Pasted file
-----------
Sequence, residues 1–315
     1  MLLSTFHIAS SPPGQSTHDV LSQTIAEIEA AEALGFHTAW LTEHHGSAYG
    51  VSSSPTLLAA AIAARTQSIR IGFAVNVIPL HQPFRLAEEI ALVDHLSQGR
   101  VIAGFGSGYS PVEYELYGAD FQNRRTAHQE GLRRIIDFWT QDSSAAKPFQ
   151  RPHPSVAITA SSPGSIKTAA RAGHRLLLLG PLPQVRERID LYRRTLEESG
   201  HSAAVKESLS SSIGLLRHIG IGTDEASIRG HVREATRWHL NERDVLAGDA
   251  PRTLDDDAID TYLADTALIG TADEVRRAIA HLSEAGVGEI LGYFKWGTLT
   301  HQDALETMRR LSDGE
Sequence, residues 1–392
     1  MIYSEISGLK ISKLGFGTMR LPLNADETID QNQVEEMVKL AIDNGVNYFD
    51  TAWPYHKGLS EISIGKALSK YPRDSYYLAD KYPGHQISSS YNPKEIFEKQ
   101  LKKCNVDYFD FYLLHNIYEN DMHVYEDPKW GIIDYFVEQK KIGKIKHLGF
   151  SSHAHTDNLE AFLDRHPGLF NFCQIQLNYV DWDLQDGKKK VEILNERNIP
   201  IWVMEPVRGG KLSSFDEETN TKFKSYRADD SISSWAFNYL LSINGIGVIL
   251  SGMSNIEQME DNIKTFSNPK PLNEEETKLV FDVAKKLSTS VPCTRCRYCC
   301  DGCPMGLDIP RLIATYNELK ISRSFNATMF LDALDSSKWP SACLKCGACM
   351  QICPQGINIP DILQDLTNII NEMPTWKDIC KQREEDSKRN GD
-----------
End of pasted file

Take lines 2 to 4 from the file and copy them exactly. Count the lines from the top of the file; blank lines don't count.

     1  MLLSTFHIAS SPPGQSTHDV LSQTIAEIEA AEALGFHTAW LTEHHGSAYG
    51  VSSSPTLLAA AIAARTQSIR IGFAVNVIPL HQPFRLAEEI ALVDHLSQGR
   101  VIAGFGSGYS PVEYELYGAD FQNRRTAHQE GLRRIIDFWT QDSSAAKPFQ